Exploring the past, educating the present

By Kiara Morris, Staff Writer

On Sept. 25, Armstrong Geography professor, Amy Potter, delivered a lecture on plantations in the American South and how they treat the topic of slavery.
The study focused on four plantations in Louisiana known as the River Road Plantations.

Potter noted that in completing her study she was able to use her prior experience of being a tour guide in Baton Rouge.

“My time as a guide has proved particularly useful to this research project, especially as we were crafting the interview instrument because I had insights to guiding others that my research team simply did not have. It was fun to be on the interviewer side of things, to learn from the guides and compare their experiences to my own,” Potter said.

Dr. Potter’s education heavily influences her work. With a Master’s and PhD in Geography and a B.S. in Journalism, she is able to gather accurate information with her study groups.

“Having a newspaper background gave me the confidence to go on and conduct interviews for academic research. I am never shy when it comes to asking for an interview, even though I would actually consider myself a shy person in other situations. I also think the many years of experience allow me to be more in tune with my research participant’s comfort level because I’ve actually been conducting interviews since high school. That’s really where I had my start as a journalist.”

During her research, Dr. Potter found joy in connecting with her study groups and the great food and culture in Louisiana. In fact, she was able to bring an Armstrong student to participate in the research project with her.

She says, “The weekend our research team conducted interviews with the guides was an intense one, so I don’t really recall a specific fun moment. I do remember eating a really good shrimp po’ boy sandwich. Does that count?”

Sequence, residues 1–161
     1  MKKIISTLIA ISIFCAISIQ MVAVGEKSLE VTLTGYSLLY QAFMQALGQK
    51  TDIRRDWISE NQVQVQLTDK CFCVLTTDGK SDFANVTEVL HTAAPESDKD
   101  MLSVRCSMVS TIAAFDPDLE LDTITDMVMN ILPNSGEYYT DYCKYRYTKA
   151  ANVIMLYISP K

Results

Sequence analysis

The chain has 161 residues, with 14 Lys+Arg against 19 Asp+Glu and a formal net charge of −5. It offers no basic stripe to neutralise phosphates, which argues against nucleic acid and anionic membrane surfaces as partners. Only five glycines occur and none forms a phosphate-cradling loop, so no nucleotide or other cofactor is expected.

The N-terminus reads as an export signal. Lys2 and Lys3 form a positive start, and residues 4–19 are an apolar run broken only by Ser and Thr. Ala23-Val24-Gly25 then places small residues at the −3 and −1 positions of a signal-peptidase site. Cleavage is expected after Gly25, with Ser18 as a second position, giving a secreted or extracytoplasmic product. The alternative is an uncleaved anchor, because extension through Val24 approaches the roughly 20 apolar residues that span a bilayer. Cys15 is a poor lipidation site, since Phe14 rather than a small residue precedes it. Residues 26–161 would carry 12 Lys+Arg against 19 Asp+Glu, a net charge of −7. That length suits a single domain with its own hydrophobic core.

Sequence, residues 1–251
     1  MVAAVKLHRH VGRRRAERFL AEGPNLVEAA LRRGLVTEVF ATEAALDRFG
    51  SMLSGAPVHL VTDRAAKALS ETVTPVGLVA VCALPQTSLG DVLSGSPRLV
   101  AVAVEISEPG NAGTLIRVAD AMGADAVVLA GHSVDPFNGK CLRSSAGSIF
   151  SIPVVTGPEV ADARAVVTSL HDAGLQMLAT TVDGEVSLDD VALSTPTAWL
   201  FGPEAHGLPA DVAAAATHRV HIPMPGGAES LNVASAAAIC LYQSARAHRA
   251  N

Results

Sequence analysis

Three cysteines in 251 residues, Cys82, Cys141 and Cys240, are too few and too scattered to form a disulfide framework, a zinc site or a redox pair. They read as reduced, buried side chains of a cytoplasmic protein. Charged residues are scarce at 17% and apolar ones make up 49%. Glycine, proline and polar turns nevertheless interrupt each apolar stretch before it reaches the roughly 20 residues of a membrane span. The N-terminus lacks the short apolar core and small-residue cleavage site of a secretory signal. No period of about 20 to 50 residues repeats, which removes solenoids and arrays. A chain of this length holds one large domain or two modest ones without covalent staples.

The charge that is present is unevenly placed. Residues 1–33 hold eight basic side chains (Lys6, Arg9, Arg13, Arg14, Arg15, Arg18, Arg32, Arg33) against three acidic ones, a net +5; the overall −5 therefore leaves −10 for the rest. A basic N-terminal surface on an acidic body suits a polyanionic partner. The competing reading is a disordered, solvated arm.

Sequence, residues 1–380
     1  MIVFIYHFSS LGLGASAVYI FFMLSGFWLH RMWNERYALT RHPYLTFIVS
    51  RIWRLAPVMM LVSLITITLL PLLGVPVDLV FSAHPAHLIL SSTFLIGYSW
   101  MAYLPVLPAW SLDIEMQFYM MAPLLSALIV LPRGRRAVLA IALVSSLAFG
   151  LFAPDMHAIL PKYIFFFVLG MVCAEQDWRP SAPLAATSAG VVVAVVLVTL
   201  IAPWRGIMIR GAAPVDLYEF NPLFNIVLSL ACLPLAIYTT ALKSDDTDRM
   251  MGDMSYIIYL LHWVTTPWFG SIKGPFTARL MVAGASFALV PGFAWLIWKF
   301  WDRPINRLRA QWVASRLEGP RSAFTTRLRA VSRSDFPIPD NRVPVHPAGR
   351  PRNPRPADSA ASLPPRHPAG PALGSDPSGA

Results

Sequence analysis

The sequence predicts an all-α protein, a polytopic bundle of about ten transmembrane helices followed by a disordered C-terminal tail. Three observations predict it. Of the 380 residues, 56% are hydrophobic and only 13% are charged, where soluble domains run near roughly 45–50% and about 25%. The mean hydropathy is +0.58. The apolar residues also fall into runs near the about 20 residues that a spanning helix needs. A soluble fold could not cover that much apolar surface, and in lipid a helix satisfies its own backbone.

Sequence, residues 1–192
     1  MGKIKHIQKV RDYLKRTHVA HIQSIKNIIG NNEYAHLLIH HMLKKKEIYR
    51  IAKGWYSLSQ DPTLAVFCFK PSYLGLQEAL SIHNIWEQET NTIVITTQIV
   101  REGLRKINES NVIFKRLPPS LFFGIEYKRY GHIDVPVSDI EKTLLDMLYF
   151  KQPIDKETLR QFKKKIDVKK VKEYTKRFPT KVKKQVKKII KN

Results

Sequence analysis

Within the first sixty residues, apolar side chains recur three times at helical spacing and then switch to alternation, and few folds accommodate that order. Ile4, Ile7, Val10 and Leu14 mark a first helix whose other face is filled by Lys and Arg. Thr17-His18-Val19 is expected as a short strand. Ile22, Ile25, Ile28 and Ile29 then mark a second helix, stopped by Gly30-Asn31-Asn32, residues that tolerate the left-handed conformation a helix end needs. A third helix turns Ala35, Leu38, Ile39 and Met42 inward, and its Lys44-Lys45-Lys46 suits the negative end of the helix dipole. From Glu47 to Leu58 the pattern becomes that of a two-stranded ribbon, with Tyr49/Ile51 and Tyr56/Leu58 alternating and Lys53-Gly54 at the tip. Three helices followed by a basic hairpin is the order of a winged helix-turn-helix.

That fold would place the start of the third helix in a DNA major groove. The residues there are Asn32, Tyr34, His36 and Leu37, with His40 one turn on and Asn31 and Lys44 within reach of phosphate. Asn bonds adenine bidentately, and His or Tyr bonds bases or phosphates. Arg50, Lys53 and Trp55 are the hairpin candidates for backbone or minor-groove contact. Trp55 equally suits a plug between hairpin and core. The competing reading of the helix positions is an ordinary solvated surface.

The research did not stop at collecting data. Dr. Potter and her team were fortunate to return to River Road this past spring. “[We] were able to reconnect with many of the guides we interviewed in June of 2013,” she said.

The Faculty Lecture Series is an enriching chance to see the current, ongoing work of faculty at Armstrong in their respective fields.

“It gives us a chance to hear from the individual faculty members about the research they’re doing. Of course, what the faculty are researching influences what they’re teaching in class, so you get a little deeper into the educational process if you participate in the series,” Political Science Professor, Daniel Skidmore-Hess, said.

Jaimelee Korolovich, a sophomore Biology Major left the lecture with a deeper understanding of history and its connection with tourism.

“The fact that many Southern plantation tours whitewash their scripts really baffles me, especially when they go out of their way to do so in order to please tourists. That’s what I took from it, that many of these plantations wrongfully whitewash a history that is just as African as it is Caucasian,” Korolovich said.

The Faculty lecture series is a great way to discover Research Assistant opportunities, hear insightful discussions and get to know the professors at Armstrong. For future lecture series dates and information visit theinkwellonline.com